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The IA&E Aspects of the New DoDD 5000.01 (The Defense Acquisition System) IA&E Aspects of the New DoDD 5000.01 (The Defense Acquisition System)2020-09-17T16:00:00Z Interest Areas/DAU_International Acquisition UN_20170104.jpg, Interest Areas/DAU_International Acquisition UN_20170104.jpg Interest Areas/DAU_International Acquisition UN_20170104.jpg<div class="ExternalClass1646C5167BFB4F32B9C5285B6B7EF59E">One of the final DoD 5000 series issuances associated with the new <a href="">DoD Adaptive Acquisition Framework (AAF)</a> -- the <a href=""><strong>‘new’ DoDD 5000.01</strong></a> on “The Defense Acquisition System” (DAS) – was finally approved by the DepSecDef and published on September 9, 2020. It cancels and replaces the <a href="">‘old’ DoDD 5000.01</a> published in May 2003 in its entirety. <h2><strong>Bottom Line Up Front (BLUF)</strong></h2> Like its predecessor version, the ‘new’ DoDD 5000.01 establishes overall DoD acquisition policy and establishes responsibilities for managing DoD acquisition programs by assigning primary and supporting responsibilities to UnderSecDef (Acquisition & Sustainment), USD (Research & Engineering), six (6) other supporting USDs and Office of SecDef (OSD) Direct Reports, the DoD Components (focusing on those which have acquisition responsibilities) and the Chairman, Joint Chiefs of Staff.<br> <br> Unlike its predecessor, however, the new DoDI 5000.01 bases future DoD acquisition policy on the DoD AAF approach coupled with extensive delegation of most acquisition program/project oversight and management responsibilities to the DoD Components implemented in accordance with a comprehensive set of specific ‘a. through y.’ policy revisions (with ‘z.’ perhaps being reserved for future growth). <h2><strong>IA&E Policy</strong></h2> The policy area that is directly related to DoD International Acquisition and Exportability (IA&E) and U.S. Government/DoD Security Cooperation activities concerns efforts to “Plan for Coalition Partners” in paragraph 1.2.t.:<br> <br> <strong><em>The DAS will plan for coalition partners “to enable allies and partners to enhance U.S. military capability, collaboration opportunities, potential partnerships, and international acquisition and exportability features and limitations will be considered in the early design and development phase of acquisition programs.”</em></strong> <h2><strong>Comparative Analysis</strong></h2> The new version DoDD 5000.01 is a major change from the 2003 version DoDD 5000.01 which emphasized the importance of the following IA&E areas from an overall DoD acquisition policy perspective: <ul> <li>Establishing and implementing International Cooperative Program (ICP) acquisition program partnerships with allied and friendly nations. (Encl. 1, para E.1.1.1.)</li> <li>Design for interoperability in a joint DoD and coalition partner environment. (Encl 1, E.1.1.13.)</li> <li>DoD Component use of the following program new start prioritization: a) procurement or modification of commercial available defense systems/equipment; b) production/modification of existing U.S. or allied systems; c) ICP programs with allies; d) U.S. Government (USG) or joint programs; and, e) DoD Component-unique programs. (Encl. 1, E.1.1.18.)</li> </ul> <h2><strong>IA&E Trend Analysis</strong></h2> When you analyze the new DoDD 5000.01 “Plan for Coalition Partners” guidance in the context of this Administration’s National Security and Defense strategies, its USG Conventional Arms Transfer policy emphasis areas, the other recent DoD 5000 series AAF policy issuances, and ongoing IA&E activities, the USG and DoD appear to be emphasizing and deemphasizing the following areas at the individual DoD acquisition program and project level: <h3><em><strong>Trending Up</strong></em></h3> <ol> <li>Defense exportability program-level planning and implementation that “builds exportability” into new and modified DoD systems/equipment.</li> <li>Program-level planning and implementation of defense investment, sales, and transfers across all IA&E transaction types -- Foreign Military Sales (FMS), International Cooperative Programs (ICP)s, Direct Commercial Sales (DCS), Building Partner Capacity (BPC) transfers -- to allied and friendly nations.</li> </ol> <h3><em><strong>Trending Steady</strong></em></h3> <ol> <li value="3">Coalition interoperability design, development, and testing and evaluation activities (see DoDD 5000.02, para 1.2.q.).</li> <li value="4">Adapting and using domestic and international commercial technology in defense systems/equipment.</li> </ol> <h3><em><strong>Trending Down</strong></em></h3> <ol> <li value="4">International Cooperative Program (ICP) new start development identification and implementation.</li> <li value="5">Acquiring new non-developmental systems/equipment from domestic and foreign sources.</li> </ol> <h2><strong>Broader Considerations</strong></h2> Since DoD IA&E is a ‘dependent variable’ to overall DoD acquisition policy, it’s also worth exploring a few of the other DoDD 5000.01 ‘a. through y.’ policy areas that will likely have a substantial impact on DoD program/project level IA&E efforts implemented through the AAF policy issuances published so far in 2020. <ul> <li><em><strong>Emphasize Competition (para 1.2.e.)</strong></em>: As a result of the many Reciprocal Defense Procurement (RDP) international agreements put in place over the years by the OUSD(A&S)/Director Pricing and Contracting (DPC) International Contracting organization, PMs, Integrated Product Teams (IPTs), and DoD prime contractors and major suppliers are well positioned to take advantage of innovative and affordable defense and dual use technology products and solutions through international contracting with a wide variety of global sources.</li> <li><em><strong>Manage Effectively and Efficiently (para 1.2.h.)</strong></em>: As a result of DoD’s broad delegation of acquisition program Milestone Decision Authority (MDA) responsibility to the DoD Components – and further re-delegation of MDA responsibility by the DoD Components within their acquisition establishments – many more MDAs will be responsible for making ‘building in exportability’ and ‘planning for coalition partner’ choices in the programs they oversee. Decisions in these key IA&E policy areas at the program level often require complex tradeoff analyses which can pose difficult challenges to PEOs, PMs, and IPTs. DoD Component International Program Organizations (IPOs) and International Acquisition Career Path (IACP) experts will need to step up and help provide IA&E decision support in these areas.</li> <li><em><strong>Focus on Affordability (para 1.2.i.)</strong></em>: Efforts to build in defense exportability require up front resources. However, thoughtful and prudent investment in this area – coupled with early IA&E planning for future allied/friendly nation partnership and sales opportunities at the program level – can result in substantial program-level affordability benefits in production and sustainment. DoD Component IPOs and IACP experts have the knowledge and skills to assist in this area as well.</li> <li><em><strong>Plan for Product Support and Implement Life-Cycle Management (paras 1.2.l.&m.)</strong></em>: IA&E investment in program-level product improvement and logistics & sustainment partnerships -- typically accomplished through ICP and FMS arrangements with allied/friendly nations -- provide a steady stream of innovation and investment in mature and aging DoD programs.</li> </ul> <h2><strong>Summary</strong></h2> Learning institutions – including DAU – sometimes use ‘true – false’ test questions to assess knowledge. Consider the following T/F questions: <ol> <li>Internet content is always accurate.</li> <li>You should always believe what you read.</li> <li>It never rains on a golf course.</li> <li>The DoD acquisition workforce always follows DoD 5000 series policies.</li> </ol> <br> There are also apocryphal quotes like the following attributed to German WW II and Soviet Cold War military sources – "a serious problem in planning against American doctrine is that the Americans do not read their manuals, nor do they feel any obligation to follow their doctrine."<br> <br> My own observation is that the 2003 DoDD 5000.01 hierarchy of new start prioritization – ICPs favored over DoD Component-unique programs – did not influence actual DoD Component behavior. Most new Joint Service and allied ICP efforts during the 00’s and 10’s had to be ‘top down’ driven by OSD while the lion’s share of program new starts during that era were DoD Component-unique.<br> <br> Here’s hoping that the new DoDD 5000.01 “Plan for Coalition Partners” policy guidance resonates with the DoD Component acquisition leaders, PEOs, and PMs responsible for leading and managing DoD’s acquisition programs in the next decade.<br> <br> Until next time, Prof K</div>string;#/training/career-development/intl-acq-mgmt/blog/The-IAandE-Aspects-of-the-New-DoDD-5000-01-(The-Defense-Acquisition-System)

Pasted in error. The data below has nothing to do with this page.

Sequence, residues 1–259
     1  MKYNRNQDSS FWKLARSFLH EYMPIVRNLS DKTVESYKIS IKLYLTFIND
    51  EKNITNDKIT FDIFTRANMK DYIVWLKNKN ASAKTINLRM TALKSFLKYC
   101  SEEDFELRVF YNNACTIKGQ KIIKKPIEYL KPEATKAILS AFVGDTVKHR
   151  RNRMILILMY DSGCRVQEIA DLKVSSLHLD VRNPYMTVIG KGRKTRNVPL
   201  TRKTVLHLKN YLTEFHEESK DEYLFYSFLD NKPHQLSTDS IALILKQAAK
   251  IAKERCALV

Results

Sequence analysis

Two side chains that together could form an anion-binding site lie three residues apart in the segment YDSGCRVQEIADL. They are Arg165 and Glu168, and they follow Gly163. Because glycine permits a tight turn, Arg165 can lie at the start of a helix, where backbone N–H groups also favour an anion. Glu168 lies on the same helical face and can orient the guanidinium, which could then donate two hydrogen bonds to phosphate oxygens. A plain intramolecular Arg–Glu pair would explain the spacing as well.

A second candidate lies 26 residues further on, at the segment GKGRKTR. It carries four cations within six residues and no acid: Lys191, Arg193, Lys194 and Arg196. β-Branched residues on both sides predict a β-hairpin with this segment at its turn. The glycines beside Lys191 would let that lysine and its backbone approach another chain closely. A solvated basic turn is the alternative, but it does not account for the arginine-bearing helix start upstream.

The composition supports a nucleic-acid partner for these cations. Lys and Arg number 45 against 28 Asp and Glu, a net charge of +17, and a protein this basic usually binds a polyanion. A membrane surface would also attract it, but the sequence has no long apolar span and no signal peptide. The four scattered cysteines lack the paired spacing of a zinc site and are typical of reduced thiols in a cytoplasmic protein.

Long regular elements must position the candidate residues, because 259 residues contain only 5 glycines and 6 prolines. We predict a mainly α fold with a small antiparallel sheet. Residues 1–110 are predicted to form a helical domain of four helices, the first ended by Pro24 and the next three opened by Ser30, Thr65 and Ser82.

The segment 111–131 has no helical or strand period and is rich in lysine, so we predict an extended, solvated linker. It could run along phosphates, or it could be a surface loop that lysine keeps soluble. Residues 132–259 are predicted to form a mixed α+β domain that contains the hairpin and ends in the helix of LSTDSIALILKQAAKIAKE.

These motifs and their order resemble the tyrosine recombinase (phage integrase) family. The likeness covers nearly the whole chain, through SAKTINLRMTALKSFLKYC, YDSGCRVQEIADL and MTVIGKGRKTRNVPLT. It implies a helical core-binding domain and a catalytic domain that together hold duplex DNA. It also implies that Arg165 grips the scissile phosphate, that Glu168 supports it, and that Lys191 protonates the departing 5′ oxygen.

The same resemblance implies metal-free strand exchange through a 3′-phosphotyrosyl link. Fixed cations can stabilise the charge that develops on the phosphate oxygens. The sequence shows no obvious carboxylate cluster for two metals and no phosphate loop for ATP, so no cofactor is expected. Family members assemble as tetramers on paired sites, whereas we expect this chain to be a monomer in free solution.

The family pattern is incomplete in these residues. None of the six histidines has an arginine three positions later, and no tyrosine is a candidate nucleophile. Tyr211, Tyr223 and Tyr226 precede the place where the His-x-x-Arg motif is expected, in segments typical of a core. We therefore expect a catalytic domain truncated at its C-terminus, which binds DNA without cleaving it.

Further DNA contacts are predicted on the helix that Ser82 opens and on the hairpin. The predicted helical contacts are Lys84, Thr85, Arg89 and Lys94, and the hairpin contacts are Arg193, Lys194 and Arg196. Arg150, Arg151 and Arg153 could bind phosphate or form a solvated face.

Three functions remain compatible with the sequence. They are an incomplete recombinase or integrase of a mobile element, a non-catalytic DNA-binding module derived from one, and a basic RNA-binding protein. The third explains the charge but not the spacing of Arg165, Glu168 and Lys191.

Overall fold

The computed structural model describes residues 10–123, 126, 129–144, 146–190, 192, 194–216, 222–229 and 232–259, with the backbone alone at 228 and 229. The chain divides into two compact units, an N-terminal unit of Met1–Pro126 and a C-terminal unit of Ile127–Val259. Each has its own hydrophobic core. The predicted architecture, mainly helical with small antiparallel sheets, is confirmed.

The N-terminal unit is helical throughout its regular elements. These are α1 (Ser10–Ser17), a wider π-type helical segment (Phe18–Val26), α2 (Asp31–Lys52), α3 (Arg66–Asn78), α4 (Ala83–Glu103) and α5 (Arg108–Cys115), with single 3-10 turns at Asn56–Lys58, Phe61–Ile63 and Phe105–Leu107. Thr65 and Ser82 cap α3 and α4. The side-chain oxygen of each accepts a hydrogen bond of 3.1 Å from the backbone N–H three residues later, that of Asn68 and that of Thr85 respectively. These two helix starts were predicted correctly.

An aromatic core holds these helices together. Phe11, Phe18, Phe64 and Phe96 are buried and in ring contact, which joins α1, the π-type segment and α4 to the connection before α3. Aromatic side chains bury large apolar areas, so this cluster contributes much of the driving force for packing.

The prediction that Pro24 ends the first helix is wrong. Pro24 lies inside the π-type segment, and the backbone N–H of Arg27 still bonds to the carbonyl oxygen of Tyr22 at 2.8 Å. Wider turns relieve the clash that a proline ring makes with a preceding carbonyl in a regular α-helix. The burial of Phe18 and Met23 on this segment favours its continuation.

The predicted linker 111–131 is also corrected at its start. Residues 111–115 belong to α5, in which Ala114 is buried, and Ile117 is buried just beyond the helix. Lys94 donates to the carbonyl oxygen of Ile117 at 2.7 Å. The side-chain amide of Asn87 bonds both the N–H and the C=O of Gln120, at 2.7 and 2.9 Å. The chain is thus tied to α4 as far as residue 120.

The IA&E Aspects of the New DoDI 5000.83 (Technology and Program Protection) IA&E Aspects of the New DoDI 5000.83 (Technology and Program Protection)2020-09-10T16:00:00Z,<div class="ExternalClass6ABEE37B29A34DCAB8789FA953F98BA4">While many DoD acquisition workforce members are familiar with recent DoD 5000 series issuances associated with various aspects of the new <a href="">DoD Adaptive Acquisition Framework (AAF)</a>, the Under Secretary of Defense (Research and Engineering) also recently issued <a href="">DoDI 5000.83 “Technology and Program Protection to Maintain Technological Advantage”</a> on July 20<sup>th</sup>, 2020. The new DODI 5000.83 effectively cancels and replaces previous DoD acquisition-related program protection policy guidance contained in enclosures 3 and 13 of <a href="">DoDI 5000.02T “Operation of the Defense Acquisition System”</a> of April 2020. <h3><strong>Bottom Line Up Front (BLUF)</strong></h3> The new DoDI 5000.83 establishes policy, assigns responsibilities, and provides procedures for Science and Technology (S&T) managers and lead systems engineers to manage system security and cybersecurity technical risks resulting from various types of omnidirectional threats in order to develop and implement measures to protect: <ul> <li>DoD-sponsored research and technology that is in the interest of national security.</li> <li>DoD warfighting capabilities.</li> </ul> This new DoDI also illustrates the substantive impact of the separation of the previous UnderSecDef (Acquisition, Technology & Logistics) organization with respect to the program protection area: <ul> <li>USD (Acquisition & Sustainment (A&S)), who is responsible for Defense Acquisition System (DAS) oversight and management.</li> <li>USD (Research & Engineering (R&E)), who is responsible for oversight and management of defense acquisition science, research, and technology development efforts.</li> </ul> <h3><strong>Overview</strong></h3> For those readers unfamiliar with the broad areas involved in DoD acquisition and its International Acquisition and Exportability (IA&E) aspects, here’s an admittedly simplistic (but hopefully helpful) description of how the new DoDI 5000.83 will impact overall DoD acquisition program protection activities across the DoD acquisition life-cycle at the “30,000 foot” level:<br> <br> <table border="1" cellpadding="0" cellspacing="0" style="width:623px;" width="0"> <tbody> <tr> <td style="width:157px;"><strong>DoD Program Protection Efforts</strong></td> <td style="width:137px;"><strong>S&T and RDT&E Activities</strong> (1)</td> <td style="width:154px;"><strong>ATD RDT&E<br> Activities</strong> (2)</td> <td style="width:173px;"><strong>Acquisition Program RDT&E Activities</strong> (3)</td> </tr> <tr> <td style="width:157px;"><strong>Who Leads</strong></td> <td style="width:137px;">S&T Managers</td> <td style="width:154px;">Mix of S&T Mgrs, Lab Engineers, and System Engineers</td> <td style="width:173px;">Lead System Engineers supporting Program Managers (PMs)</td> </tr> <tr> <td style="width:157px;"><strong>Primary Focus</strong></td> <td style="width:137px;">Establish S&T Tech Area Program Protection Plans (TAPPs)</td> <td style="width:154px;">Establish/implement S&T Projection Plans for specific projects</td> <td style="width:173px;">Establish/implement Program Protection Plans (PPPs) for specific programs.(4)</td> </tr> <tr> <td style="width:157px;"><strong>Desired Outcome</strong></td> <td style="width:137px;">Ensure existing and emerging new/evolving tech is protected</td> <td style="width:154px;">Ensure transitioning new/evolving tech is protected at the project level</td> <td style="width:173px;">Ensure fielded new/evolving tech is protected in fielded and deployed systems</td> </tr> </tbody> </table> ​ <ol> <li>DoD Science & Technology (S&T) activities – which are aligned with the RDT&E Budget Activities (BAs) 6.1. and 6.2 per the DoD Financial Management Regulations, Volume 2B, Chapter 5, para 050105) – are conducted independent of DoD acquisition program RDT&E efforts.</li> <li>DoD Advanced Technology Development (ATD) activities – which are aligned with RDT&E BAs 6.3 and 6.4 – focus on transition of new technology into DoD acquisition programs.</li> <li>DoD Acquisition RDT&E activities – which are aligned with RDT&E BAs 6.4, 6.5, and 6.7 -- focus on integration of new technology into new or existing DoD systems and equipment that is fielded and used by DoD operational forces.</li> <li>DoD acquisition programs include the entire range of DoD AAF acquisition efforts, including Urgent Capability Acquisition (DoDI 5000.81), Middle Tier of Acquisition (DoDI 5000.80), and Major Capability Acquisition (DoDI 5000.85) efforts.</li> </ol> <h3><strong>Comparative Analysis</strong></h3> <em><strong>Part I -- The Old Approach</strong></em><br> <br> The DoDI 5000.02 approach (circa 2015) made the Program Manager (PM) responsible for program protection in DoD acquisition programs – including Program Protection Plan (PPP) preparation -- while S&T managers were assigned the responsibility for S&T-related technology protection in DoD S&T technology base and RDT&E project efforts. The ASD(R&E) staff element of the previous USD(AT&L) organization worked with DoD Component HQ acquisition organizations to assist S&T managers, RDT&E personnel in labs and warfare centers, and the systems engineers supporting PMs to achieve these objectives.<br> <br> Beginning in 2015, ASD(R&E) began promoting use of a <a href="/tools/t/DEI-JST">“Three Pillars” program protection approach</a> by PMs and their Integrated Product Team (IPT) – including the IPT’s system’s engineering and systems security engineering functions -- in the areas of Cyber and Information Security, Critical Program Information (CPI) projection using Anti-Tamper (AT), and Trusted Systems and Networks (TSN) protective measures. This ‘Three Pillars’ program protection approach was included as an integral part of OUSD(AT&L)’s <a href="/tools/t/DEI-JST">Defense Exportability Integration</a> efforts during this time period.<br> <br> <em><strong>Part II -- The New Approach</strong></em><br> <br> The new DoDI 5000.83 focuses on establishing S&T manager and lead systems engineering responsibilities in the program protection area as well as providing the DoD acquisition workforce with a new approach to S&T project and acquisition program protection planning.<br> <br> With respect to DoD Acquisition Category (ACAT) ID programs – which are the responsibility of the USD(A&S) acting as the Defense Acquisition Executive --USD(R&E) is now the PPP approval authority at DAS milestone decisions. However, there are very few ACAT ID programs remaining as a result of the delegation of Milestone Decision Authority (MDA) to the DoD Components for all other ACAT/AAF acquisition programs. For all the rest of these DoD Component-managed programs, “the PPP will be submitted for approval [to the MDA], in accordance with Major Capability Acquisition, Operation of Middle Tier Acquisition, Urgent Operation Needs, and Software Acquisition [DoD 5000 series policies] at each acquisition pathway decision point.”<br> <br> Another major change is that PPPs developed for acquisition programs from this point onward are supposed to be based on any relevant Technology Area Protection Plans (TAPPs) implemented through corresponding S&T Protection Plans.<br> <br> <u><strong>TAPPs</strong></u><br> <br> A TAPP will be established and maintained by USD(R&E) for each S&T modernization priority area. They will inform S&T research at the appropriate BA level, or at Technology Readiness Levels 1-6 and PPPs. They will be designed to reduce compromise or loss of critical technologies and protect against unwanted technology transfer and used to guide DoD acquisition efforts in: S&T; export controls; international agreements; security; counterintelligence; and U.S. law enforcement activities.<br> <br> <u><strong>S&T Protection Plans</strong></u><br> <br> S&T managers in the DoD Components will prepare S&T Protection Plans as a management tool to guide S&T protection activities at the S&T and RDT&E project level. Such projects, when associated with critical technology or modernization priority areas, will need to develop an S&T Protection Plan that includes: critical technology elements and enabling technologies; threats to, and vulnerabilities of, these items; and, selected countermeasures to mitigate associated risks. These S&T Protection Plans are supposed to be developed and submitted prior to each S&T/RDT&E project’s approval – and updated, as appropriate -- based on procedures defined by each DoD Component. <h3><strong>Impact on Program Protection Training</strong></h3> DoDI 5000.83 makes USD(A&S) – in coordination with the USD(R&E) – responsible for incorporating technology and program protection activities in Defense Acquisition University (DAU) education and training.<br> <br> <a href="">DAU’s existing courses</a> in this area – which focus on the Three Pillars program protection approach, including its relationship to defense exportability planning and implementation -- include ACQ 160 (Program Protection Planning Awareness), ENG 260 (Program Protection for Practitioners), and DAU’s Program Protection Credential (which requires completion of ACQ 160, ENG 260, and a Summation Exam).<br> <br> These will presumably have to be modified to reflect the new DoDI 5000.83 policy guidance, including the new emphasis on TAPPs and S&T Protection Plans serving as the basis for AAF acquisition program PPPs from this point onward. <h3><strong>Potential Implementation Challenges</strong></h3> In my experience, sweeping new DoD policy issuances like DoDI 5000.83 take time to implement throughout the Department. This new DoDI calls for several substantive changes to the status quo regarding how program protection measures will be identified, developed, and fielded throughout the DoD acquisition program lifecycle. Here are a few areas that could prove challenging, particularly at the DoD Component project and program level.<br> <br> <u><strong>Development and Update of TAPPs</strong></u>: TAPPs are a new concept which will provide top level DoD foundational ‘building blocks’ for development of S&T Protection Plans for each specific DoD Component S&T and RDT&E project that requires program protection measures. Until TAPPs are developed and issued, implementation of DoDI 5000.83 principles and processes at the DoD Component S&T and RDT&E project level will likely be impacted due to lack of overarching TAPP guidance across the entire DoD S&T/RDT&E domain.<br> <br> <u><strong>DoD Component S&T Protection Plans</strong></u>: The scale, scope, and diversity of S&T and RDT&E project efforts across the DoD acquisition enterprise is immense. As a result, the breadth and depth of the number of S&T Protection Plans that will have to be developed and approved has yet to be defined, and DoD Component approval processes for such plans have yet to be developed.<br> <br> <u><strong>Role of the Program Manager</strong></u>: DoDI 5000.83 essentially shifts the responsibility for acquisition program PPPs from the PM to the program’s lead systems engineer. Notably, the term “program manager” is used only once in the new DoDI 5000.83, “After the full-rate production or full-deployment decision, the PPP will transition to the <strong><em>program manager [PM]</em></strong> responsible for system sustainment and disposal.” However, during a system’s development phases PMs will remain responsible for making AAF program-level recommendations to MDAs regarding cost, schedule, and performance design trades -- including cost/benefit choices in the program protection area -- based on advice provided by the lead systems engineer and other IPT members.<br> <br> <u><strong>DoD Component MDA Approval Process for PPPs</strong></u>: Under the new set of AAF DoD 5000 series policies, DoD Components have been delegated the responsibility for almost all program level milestone decision making. As a result, almost all of the program-level PPP approvals required by the new DoDI 5000.83 will be made by DoD Component MDAs at various organizational levels. Many of these decisions will be made at the Program Executive Officer (PEO) level for smaller AAF programs. Who will provide PEOs (and their supporting staff organizations) with training and decision support to help them evaluate and approve PM recommendations regarding investment in and implementation of program protection measures on a program-by-program basis?<br> <br> <u><strong>Impact on IA&E</strong></u>: The recently published <a href="">DoDI 5000.85</a> makes IA&E planning and implementation mandatory for DoD Major Capability Acquisition (MCA) programs. As outlined in a recent blog on this subject, <a href="/training/career-development/intl-acq-mgmt/blog/The-IAandE-Aspects-of-the-New-DoDI-5000-85-(Major-Capability-Acquisition)">DoD’s new MCA acquisition policy places particular emphasis on the importance of “building in exportability”</a> in DoD’s new and modified systems, and makes DoD Component MDAs responsible for implementing this guidance. Experience has shown that the best way to build exportability into new and modified DoD systems is to include ‘one size fits all’ program protection – including cybersecurity, anti-tamper, and trusted systems & networks measures – to the maximum extent possible during the early stages of development. The ‘one size fits all’ program protection concept provides a robust foundation for future domestic and exportable system versions. As a result, it’s essential that proposed DoDI 5000.83-based program protection measures are aligned with proposed DoDI 5000.85-based defense exportability features in future AAF program milestone decisions (or equivalent). <h3><strong>Summary</strong></h3> There are many ‘greater goods’ that PMs must address in their programs in areas such as regulatory compliance, interoperability, and program protection. These areas are often referred to as ‘unfunded mandates’ since compliance is required but no additional funding beyond the program’s authorization and appropriations is typically provided. Moreover, it can be quite challenging to define and decide ‘how much’ of one of these ‘greater goods’ is enough since absolute compliance in each area -- if there is such a thing -- is often neither achievable nor affordable. The need to make difficult decisions during a program’s development phases regarding system-level cost/benefit tradeoffs – even for ‘greater good’ areas such as program protection – frequently occurs.<br> <br> This reminds me of an earlier blog I published concerning <a href="/training/career-development/intl-acq-mgmt/blog/International-Acquisition-and-Exportability-(IAandE)-and-Lashley’s-Laws">Lashly’s Laws</a> of DoD system program management which explain why: <ol> <li>You can have <strong><em>anything </em></strong>you want [but] …</li> <li>You cannot have <strong><em>everything </em></strong>you want [since] …</li> <li>You <strong><em>decide </em></strong>what you [really] want by what you are willing to <strong><em>give up</em></strong> to get it [and, most importantly] …</li> <li>If you are unwilling to give up anything, <strong><em>what </em></strong>you will get is <strong><em>nothing </em></strong>that <strong><em>anyone </em></strong>would want.</li> </ol> The new DoDI 5000.83 establishes high standards regarding the implementation of program protection measures in DoD S&T/RDT&E projects and acquisition programs for the greater good. The new DoDI 5000.85 establishes high standards regarding building exportability into new and modified DoD systems as well. While we can all appreciate the overall DoD benefits that will result from the implementation of both these DoDIs, it appears that evaluating and making program protection and building exportability cost/benefit tradeoff decisions at the deckplate level during the development phase of AAF programs will pose even greater challenges for the DoD acquisition workforce in the future. We are already working on new DAU learning content to support such efforts.<br> <br> Until next time, Prof K<br> <br> P.S. – If you’re interested in additional insights on this important subject, please consider participating in an upcoming DAU webinar “<a href="">Adaptive Acquisition Framework: DoDI 5000.83 Technology and Program Protection to Maintain Technological Advantage</a>” on September 15, 2020 from 1200 – 1330.</div>string;#/training/career-development/intl-acq-mgmt/blog/The-IAandE-Aspects-of-the-New-DoDI-5000-83-(Technology-and-Program-Protection)